What Is the FTC Proposing?

Ban on Non-Competes and De Facto Non-Competes

The proposed regulation would ban not only employee non-compete agreements but also other agreements so broad as to “effectively preclude[] the worker from working in the same field.” The regulation also covers similar agreements with independent contractors, interns, and volunteers.

Rescission of Preexisting Agreements

The proposed rule would also require companies to rescind preexisting non-compete agreements within six months of the effective date of the new rule. Within 45 days of rescinding an employee non-compete, the employer would be reasonably obligated to notify both current and former employees of the rescission. 

Preemption of Inconsistent State Laws

Companies should note that the proposed regulation purports to preempt inconsistent state laws. This means that, as currently proposed by the FTC, even where an employer’s non-compete contracts are valid and enforceable under state law, the new FTC regulation would invalidate the contract anyway. However, any state laws that afford workers greater protection than is provided under the FTC’s regulation would remain in force.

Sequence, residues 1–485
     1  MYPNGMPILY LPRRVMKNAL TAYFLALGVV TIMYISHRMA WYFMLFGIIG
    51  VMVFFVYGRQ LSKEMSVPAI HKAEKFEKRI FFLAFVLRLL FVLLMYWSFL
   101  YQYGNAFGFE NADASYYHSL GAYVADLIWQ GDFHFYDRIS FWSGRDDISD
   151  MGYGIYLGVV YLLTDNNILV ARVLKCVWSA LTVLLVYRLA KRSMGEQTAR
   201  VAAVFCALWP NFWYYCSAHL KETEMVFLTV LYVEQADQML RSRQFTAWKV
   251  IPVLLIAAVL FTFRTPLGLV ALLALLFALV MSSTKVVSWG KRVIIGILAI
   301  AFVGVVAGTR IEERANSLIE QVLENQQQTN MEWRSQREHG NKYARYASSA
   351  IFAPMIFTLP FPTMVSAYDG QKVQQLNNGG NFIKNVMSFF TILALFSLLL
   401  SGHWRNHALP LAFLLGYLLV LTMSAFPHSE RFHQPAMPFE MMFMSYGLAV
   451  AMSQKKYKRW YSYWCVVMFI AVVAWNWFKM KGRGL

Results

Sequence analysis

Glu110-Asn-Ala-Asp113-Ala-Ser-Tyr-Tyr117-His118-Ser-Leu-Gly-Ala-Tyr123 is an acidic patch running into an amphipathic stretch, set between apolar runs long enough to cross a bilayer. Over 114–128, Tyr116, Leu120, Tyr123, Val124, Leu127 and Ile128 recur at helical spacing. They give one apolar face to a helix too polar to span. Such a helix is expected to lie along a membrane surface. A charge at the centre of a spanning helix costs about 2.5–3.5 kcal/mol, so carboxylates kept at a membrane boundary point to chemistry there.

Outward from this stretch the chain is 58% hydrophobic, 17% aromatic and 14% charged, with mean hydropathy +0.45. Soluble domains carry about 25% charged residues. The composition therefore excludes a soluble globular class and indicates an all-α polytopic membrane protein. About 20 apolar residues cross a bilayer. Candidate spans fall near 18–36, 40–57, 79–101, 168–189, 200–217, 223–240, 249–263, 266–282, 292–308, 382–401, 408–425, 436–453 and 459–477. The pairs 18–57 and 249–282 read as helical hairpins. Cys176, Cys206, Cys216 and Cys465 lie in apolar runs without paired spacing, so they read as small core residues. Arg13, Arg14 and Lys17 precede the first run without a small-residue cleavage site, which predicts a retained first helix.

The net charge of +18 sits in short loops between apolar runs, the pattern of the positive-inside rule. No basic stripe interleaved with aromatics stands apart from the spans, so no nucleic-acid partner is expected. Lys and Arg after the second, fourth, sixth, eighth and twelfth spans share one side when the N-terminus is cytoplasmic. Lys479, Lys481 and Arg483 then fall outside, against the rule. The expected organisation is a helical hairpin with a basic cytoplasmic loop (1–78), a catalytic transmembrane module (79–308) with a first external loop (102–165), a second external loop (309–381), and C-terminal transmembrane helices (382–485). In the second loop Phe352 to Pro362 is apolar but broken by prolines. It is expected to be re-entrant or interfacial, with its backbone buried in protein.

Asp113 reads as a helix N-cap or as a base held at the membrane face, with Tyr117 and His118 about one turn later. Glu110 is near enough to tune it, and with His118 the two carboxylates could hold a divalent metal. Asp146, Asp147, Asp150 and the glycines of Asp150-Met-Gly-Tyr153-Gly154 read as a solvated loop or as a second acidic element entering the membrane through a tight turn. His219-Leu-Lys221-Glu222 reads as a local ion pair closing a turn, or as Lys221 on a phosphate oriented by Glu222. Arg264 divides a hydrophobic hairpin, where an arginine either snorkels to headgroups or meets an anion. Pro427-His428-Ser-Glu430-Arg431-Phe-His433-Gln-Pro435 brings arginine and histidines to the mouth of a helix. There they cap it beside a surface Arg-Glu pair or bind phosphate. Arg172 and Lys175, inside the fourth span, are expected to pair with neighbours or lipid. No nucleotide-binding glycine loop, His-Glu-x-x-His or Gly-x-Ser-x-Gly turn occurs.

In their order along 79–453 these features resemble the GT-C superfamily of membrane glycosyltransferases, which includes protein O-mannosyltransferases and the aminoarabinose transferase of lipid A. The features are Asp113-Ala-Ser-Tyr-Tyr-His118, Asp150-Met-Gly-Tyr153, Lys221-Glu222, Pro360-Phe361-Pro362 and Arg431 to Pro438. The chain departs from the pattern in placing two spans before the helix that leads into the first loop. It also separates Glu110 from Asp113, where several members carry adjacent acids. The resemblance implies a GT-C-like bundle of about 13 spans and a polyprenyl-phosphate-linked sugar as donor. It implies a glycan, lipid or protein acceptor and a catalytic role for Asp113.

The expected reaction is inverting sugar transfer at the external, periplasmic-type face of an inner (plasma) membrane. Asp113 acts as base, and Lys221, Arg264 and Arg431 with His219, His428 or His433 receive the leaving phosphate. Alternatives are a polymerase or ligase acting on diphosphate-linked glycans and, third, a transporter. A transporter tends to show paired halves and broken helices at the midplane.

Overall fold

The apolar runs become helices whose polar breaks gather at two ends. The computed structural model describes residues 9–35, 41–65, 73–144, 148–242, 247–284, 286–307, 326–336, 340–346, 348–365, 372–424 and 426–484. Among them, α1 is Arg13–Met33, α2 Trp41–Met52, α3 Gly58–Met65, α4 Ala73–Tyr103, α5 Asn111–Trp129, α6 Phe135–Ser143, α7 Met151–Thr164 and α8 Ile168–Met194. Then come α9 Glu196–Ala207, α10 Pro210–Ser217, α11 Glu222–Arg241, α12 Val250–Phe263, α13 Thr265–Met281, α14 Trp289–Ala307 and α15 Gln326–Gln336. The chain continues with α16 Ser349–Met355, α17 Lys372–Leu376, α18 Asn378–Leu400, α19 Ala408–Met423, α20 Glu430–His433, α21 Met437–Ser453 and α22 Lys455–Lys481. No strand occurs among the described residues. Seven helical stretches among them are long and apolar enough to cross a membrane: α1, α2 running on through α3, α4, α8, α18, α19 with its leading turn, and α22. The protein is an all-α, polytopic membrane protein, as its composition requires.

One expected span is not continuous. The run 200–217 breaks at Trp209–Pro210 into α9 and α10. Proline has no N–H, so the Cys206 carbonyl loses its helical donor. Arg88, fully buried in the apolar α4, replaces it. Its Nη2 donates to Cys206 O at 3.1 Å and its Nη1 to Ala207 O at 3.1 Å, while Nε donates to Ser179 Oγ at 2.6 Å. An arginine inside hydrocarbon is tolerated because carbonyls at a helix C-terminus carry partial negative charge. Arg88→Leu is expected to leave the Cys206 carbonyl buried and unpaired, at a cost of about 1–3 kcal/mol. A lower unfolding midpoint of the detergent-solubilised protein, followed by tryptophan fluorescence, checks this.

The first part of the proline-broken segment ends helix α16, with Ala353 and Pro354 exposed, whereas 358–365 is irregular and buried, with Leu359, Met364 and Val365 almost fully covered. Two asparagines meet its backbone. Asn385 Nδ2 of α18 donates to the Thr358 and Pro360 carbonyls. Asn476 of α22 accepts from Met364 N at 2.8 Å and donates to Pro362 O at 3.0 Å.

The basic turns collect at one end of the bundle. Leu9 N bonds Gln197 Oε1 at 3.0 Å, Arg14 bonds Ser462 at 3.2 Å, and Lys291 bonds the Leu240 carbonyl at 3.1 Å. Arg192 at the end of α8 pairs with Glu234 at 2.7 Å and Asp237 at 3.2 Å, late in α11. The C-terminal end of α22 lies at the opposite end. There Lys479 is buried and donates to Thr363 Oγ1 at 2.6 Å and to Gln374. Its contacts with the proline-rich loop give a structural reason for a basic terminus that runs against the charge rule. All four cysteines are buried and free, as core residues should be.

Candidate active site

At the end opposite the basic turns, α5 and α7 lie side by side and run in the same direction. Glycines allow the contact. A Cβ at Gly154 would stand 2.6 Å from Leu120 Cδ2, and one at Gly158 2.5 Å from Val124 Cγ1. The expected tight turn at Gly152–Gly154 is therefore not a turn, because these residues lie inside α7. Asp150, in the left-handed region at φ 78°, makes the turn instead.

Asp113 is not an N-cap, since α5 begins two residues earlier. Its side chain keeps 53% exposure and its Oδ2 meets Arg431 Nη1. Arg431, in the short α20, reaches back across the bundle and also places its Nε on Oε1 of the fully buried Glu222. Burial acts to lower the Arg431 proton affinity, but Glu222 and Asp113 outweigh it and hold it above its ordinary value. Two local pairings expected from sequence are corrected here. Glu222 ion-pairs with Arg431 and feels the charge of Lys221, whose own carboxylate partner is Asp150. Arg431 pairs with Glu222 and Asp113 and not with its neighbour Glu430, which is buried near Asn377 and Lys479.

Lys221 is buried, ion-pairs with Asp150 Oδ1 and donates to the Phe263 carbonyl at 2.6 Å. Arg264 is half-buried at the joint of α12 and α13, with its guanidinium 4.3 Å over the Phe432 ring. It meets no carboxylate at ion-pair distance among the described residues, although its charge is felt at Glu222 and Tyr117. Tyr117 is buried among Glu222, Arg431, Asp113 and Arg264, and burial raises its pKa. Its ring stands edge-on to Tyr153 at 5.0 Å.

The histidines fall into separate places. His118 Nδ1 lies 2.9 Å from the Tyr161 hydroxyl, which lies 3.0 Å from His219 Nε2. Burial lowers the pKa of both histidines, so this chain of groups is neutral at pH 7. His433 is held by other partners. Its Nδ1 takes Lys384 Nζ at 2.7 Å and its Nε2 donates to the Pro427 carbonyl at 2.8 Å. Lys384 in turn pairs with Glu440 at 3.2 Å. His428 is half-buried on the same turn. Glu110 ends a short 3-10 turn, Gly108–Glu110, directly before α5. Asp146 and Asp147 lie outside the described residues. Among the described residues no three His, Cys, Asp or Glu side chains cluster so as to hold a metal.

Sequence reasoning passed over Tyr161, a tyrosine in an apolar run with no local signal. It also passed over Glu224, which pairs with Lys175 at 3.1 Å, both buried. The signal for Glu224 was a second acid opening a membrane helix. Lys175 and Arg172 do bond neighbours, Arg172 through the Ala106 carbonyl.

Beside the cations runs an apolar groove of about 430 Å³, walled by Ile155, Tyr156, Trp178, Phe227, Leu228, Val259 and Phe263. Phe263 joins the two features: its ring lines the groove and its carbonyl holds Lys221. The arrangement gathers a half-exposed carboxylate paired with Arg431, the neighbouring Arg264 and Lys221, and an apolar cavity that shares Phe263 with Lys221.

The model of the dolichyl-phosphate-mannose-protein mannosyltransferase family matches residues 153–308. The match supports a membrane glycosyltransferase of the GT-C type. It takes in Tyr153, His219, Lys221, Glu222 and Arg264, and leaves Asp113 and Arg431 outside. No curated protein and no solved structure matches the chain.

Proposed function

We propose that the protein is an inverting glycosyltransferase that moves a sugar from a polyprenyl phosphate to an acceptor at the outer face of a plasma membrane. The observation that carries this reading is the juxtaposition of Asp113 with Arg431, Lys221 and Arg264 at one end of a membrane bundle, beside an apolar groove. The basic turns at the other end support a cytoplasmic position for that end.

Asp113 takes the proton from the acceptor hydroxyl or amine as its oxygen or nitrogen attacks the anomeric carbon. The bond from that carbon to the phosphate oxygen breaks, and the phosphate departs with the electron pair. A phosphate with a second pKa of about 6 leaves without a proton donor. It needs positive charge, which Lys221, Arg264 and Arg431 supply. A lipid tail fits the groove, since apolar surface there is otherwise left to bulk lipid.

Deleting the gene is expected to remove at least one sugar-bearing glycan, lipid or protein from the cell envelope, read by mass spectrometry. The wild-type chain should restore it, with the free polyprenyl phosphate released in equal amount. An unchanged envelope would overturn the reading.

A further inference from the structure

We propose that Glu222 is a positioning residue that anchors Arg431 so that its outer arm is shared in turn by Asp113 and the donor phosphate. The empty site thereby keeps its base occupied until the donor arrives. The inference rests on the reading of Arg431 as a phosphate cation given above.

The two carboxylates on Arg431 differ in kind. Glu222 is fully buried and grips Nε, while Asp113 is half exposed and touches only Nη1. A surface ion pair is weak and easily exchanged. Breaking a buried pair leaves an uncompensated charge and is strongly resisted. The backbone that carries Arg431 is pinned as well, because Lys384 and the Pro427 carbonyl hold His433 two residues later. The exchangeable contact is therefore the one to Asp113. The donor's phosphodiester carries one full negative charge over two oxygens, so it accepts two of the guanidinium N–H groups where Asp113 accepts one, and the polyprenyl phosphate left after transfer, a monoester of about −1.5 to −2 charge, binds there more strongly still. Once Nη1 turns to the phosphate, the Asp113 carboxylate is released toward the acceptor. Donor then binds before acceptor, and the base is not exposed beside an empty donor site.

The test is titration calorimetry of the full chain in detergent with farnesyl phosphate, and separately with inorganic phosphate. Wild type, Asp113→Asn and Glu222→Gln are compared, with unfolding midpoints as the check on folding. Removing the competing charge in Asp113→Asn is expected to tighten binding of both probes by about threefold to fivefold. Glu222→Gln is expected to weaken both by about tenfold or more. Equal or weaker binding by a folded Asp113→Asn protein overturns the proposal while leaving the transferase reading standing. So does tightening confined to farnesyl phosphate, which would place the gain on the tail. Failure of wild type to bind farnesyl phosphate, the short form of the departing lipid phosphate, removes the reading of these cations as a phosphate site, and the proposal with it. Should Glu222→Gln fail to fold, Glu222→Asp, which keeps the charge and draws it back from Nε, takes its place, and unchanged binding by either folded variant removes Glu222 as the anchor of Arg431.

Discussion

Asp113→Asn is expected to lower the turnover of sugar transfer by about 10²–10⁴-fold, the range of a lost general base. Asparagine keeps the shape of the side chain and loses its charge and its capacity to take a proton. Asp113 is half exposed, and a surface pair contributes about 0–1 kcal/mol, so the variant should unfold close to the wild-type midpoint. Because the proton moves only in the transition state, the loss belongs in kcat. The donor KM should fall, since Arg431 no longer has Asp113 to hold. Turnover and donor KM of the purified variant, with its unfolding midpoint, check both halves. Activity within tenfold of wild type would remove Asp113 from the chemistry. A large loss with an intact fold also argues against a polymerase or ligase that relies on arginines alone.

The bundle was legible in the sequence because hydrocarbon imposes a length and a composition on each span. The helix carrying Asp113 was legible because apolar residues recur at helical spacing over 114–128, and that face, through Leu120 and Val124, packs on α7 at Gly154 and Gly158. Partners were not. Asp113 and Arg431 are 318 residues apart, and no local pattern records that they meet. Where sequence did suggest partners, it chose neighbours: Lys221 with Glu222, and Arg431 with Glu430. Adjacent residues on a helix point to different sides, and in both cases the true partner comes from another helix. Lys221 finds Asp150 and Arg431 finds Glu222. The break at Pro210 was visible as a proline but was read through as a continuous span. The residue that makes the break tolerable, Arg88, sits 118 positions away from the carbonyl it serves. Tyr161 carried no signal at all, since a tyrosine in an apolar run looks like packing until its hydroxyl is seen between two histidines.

Are There Any Exceptions to This Proposed Rule?

Sale of a Business or Business Unit

The FTC has proposed a single, narrow exception to the prohibition on employee non-competes: The ban would not apply to employee non-competes made in connection with the sale of a business or a business unit. However, the party so restricted must own 25% or more of the business or business unit being sold. 

Businesses Outside the Scope of the FTC Act

The FTC’s notice of proposed rulemaking also explains that some businesses may be out of the scope of the regulation’s coverage because they are outside of the scope of the FTC Act.  For instance, because certain banks, non-profits, common carriers, and others are exempt from the FTC Act, these entities would theoretically be exempt from the proposed ban on non-competes. However, even though non-profit institutions generally fall outside the scope of the FTC Act, the scope of this exemption is unsettled and can be difficult to parse. For instance, non-profits sometimes have for-profit parents and subsidiaries that the FTC Act would cover.

Limitation to Post-Employment Restrictions